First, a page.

On Wednesday, Staff Writer Charles Bonkowsky attended Angelo Caglioti’s lecture, Science and Fascism, or Fascist Science? Meteorology, Empire, and anti-Semitism in Fascist Italy through Columbia’s Center for Science and Society.

“The climate of the [Fascist] revolution can be particularly beneficial to scientific research,” announced Mussolini in 1932 to the Italian Society for the Advancement of Science—but was it really? And what are the ways in which the history of science can explain the history of Italian fascism?

Angelo Caglioti, an Assistant Professor of History who joined Barnard College in 2020, sought to answer those questions and more by capturing the large-scale entanglement between science, society, and Italian fascism. Previous work, he said, has focused on specific stories of science or scientists under fascism, but hasn’t attempted to unify the history of science and the history of fascism. What defined “fascist science,” he said, was scientists’ adoption of practices and goals focused on competition and garnering support from the regime.

The majority of Caglioti’s talk focused on Italian meteorology. Meteorological networks are social networks, requiring collaboration between the state, scientific experts, and even amateur researchers. Fascism promised perfect cooperation between state and society, making these meteorological networks the perfect place to test that promise. Spoiler alert: there was no such perfect coordination, and it was cutthroat competition between agencies which dominated meteorological research during the fascist period.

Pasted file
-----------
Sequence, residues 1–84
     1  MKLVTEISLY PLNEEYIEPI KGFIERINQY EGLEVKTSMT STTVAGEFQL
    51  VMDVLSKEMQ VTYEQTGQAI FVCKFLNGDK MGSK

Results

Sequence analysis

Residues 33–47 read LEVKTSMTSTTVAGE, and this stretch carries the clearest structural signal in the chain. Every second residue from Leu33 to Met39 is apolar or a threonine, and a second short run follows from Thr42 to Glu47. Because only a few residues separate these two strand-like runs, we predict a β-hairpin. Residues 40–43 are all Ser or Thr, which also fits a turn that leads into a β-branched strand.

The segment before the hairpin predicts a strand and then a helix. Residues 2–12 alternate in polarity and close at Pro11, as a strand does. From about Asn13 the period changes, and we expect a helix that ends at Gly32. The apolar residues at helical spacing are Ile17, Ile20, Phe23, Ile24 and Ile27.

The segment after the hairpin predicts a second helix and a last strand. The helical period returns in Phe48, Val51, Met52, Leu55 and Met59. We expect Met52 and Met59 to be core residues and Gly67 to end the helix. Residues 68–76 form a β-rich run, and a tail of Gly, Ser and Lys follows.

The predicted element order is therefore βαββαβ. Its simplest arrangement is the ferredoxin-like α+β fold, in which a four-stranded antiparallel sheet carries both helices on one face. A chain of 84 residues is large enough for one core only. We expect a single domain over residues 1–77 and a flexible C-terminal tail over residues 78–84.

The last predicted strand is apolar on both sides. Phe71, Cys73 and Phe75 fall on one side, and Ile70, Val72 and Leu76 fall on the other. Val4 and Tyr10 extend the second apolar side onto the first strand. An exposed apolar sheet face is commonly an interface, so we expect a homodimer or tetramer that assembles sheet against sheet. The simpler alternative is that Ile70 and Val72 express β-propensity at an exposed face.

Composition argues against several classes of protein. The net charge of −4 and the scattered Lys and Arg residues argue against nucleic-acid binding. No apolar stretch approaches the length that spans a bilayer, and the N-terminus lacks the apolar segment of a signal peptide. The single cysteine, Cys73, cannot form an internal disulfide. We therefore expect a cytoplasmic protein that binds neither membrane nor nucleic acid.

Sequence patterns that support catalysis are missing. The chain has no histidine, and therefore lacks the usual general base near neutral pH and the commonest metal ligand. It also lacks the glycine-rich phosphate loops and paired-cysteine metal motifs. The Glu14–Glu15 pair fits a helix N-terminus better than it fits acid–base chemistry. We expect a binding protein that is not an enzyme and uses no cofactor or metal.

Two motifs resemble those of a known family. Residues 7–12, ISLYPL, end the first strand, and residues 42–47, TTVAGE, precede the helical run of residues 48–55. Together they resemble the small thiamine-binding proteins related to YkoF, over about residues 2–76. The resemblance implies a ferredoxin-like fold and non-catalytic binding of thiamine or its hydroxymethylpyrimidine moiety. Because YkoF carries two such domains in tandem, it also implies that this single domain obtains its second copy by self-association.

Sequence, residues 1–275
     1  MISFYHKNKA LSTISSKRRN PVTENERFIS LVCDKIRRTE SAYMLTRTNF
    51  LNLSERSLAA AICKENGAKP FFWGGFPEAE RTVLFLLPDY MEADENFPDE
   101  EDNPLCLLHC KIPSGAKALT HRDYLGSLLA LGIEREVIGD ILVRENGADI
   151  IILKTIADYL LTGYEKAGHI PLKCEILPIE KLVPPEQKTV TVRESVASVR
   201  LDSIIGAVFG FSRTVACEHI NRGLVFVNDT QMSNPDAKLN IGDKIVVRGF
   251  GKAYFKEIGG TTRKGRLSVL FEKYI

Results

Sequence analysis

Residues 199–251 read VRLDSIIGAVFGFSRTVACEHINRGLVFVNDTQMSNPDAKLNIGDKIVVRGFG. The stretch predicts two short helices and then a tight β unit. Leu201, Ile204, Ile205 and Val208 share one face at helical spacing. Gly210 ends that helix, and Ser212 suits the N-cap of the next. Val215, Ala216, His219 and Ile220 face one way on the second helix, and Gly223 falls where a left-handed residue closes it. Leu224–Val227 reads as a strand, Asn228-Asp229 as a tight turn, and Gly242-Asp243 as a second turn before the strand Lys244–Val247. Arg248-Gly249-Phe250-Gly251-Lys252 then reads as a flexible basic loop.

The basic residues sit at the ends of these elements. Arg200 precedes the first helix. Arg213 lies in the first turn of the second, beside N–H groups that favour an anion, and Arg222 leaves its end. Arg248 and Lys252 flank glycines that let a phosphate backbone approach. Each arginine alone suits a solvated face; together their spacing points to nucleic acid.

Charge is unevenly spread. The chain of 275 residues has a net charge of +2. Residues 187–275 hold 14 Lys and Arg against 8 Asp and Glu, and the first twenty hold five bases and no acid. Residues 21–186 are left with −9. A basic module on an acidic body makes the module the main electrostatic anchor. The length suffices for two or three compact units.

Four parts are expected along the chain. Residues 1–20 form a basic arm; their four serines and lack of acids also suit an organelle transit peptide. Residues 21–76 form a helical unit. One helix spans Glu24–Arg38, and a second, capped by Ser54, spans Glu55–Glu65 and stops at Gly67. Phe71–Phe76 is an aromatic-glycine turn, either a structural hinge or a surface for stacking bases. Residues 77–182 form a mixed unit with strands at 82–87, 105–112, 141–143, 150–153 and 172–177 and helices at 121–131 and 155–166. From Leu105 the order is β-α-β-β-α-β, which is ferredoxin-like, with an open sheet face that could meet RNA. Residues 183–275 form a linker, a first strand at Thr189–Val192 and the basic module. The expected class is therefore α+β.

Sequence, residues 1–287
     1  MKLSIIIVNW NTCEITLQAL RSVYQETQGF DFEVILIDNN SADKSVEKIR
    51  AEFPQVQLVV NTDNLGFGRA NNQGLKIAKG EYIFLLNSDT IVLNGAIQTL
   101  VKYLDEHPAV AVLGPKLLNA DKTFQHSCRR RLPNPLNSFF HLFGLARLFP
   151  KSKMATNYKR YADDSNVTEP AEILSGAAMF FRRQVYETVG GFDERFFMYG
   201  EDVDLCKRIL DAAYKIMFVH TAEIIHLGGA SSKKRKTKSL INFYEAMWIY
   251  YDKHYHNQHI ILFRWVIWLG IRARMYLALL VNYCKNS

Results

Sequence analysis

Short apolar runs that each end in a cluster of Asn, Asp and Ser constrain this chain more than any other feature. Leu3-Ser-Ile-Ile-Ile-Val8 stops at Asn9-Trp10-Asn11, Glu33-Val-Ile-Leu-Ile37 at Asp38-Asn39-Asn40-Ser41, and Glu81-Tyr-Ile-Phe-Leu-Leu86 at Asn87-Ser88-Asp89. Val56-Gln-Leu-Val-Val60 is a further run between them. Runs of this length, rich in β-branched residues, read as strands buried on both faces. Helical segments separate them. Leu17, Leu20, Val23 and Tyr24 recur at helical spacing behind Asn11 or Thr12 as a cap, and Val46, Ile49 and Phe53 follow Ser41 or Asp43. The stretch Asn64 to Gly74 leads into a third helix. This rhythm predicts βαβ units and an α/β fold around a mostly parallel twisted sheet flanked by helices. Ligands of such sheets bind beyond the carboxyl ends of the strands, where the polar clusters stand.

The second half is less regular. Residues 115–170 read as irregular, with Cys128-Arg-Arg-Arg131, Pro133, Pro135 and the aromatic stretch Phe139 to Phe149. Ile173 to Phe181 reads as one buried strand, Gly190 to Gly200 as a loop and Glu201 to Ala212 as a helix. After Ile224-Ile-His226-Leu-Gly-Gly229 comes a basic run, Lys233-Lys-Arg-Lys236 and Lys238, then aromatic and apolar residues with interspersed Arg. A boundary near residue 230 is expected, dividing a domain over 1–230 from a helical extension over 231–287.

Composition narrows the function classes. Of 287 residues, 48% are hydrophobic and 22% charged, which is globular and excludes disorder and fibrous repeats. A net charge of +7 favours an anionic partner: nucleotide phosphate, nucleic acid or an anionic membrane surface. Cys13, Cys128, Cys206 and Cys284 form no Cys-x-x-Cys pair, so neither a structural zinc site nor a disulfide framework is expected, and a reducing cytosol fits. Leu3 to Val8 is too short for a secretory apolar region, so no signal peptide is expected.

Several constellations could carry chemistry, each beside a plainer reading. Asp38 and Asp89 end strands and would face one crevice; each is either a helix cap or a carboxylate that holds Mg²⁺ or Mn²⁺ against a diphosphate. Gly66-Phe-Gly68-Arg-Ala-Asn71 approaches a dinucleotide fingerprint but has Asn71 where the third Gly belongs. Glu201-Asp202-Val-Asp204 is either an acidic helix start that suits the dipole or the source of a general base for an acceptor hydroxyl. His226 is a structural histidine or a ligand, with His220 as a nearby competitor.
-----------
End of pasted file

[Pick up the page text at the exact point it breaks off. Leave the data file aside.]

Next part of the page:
During the liberal period, both the Italian state and the Catholic Church were key sponsors of meteorology. This was also the “golden age,” between 1870 and 1914, of international meteorological cooperation across European borders, holding regular meetings to standardize measurements or to time observations of the upper atmosphere. World War I changed all that. The international fabric of cooperation was destroyed, and governments, especially their military branches, suddenly became very interested in forecasting the weather. “Knowing where the direction of the wind would go,” Caglioti explained, “was especially critical for chemical warfare.”

Meteorology under fascism, then, looked much different than its predecessor. The interwar period is where Caglioti introduced the most compelling character of his lecture: Father Bernardo Paoloni, a Benedictine monk and director of the Practical Meteorology journal—and a prominent Fascist scientist. Within his own journal he suspended democratic norms for the Directive Council, and helped cement meteorology as a “fascist science” under Mussolini.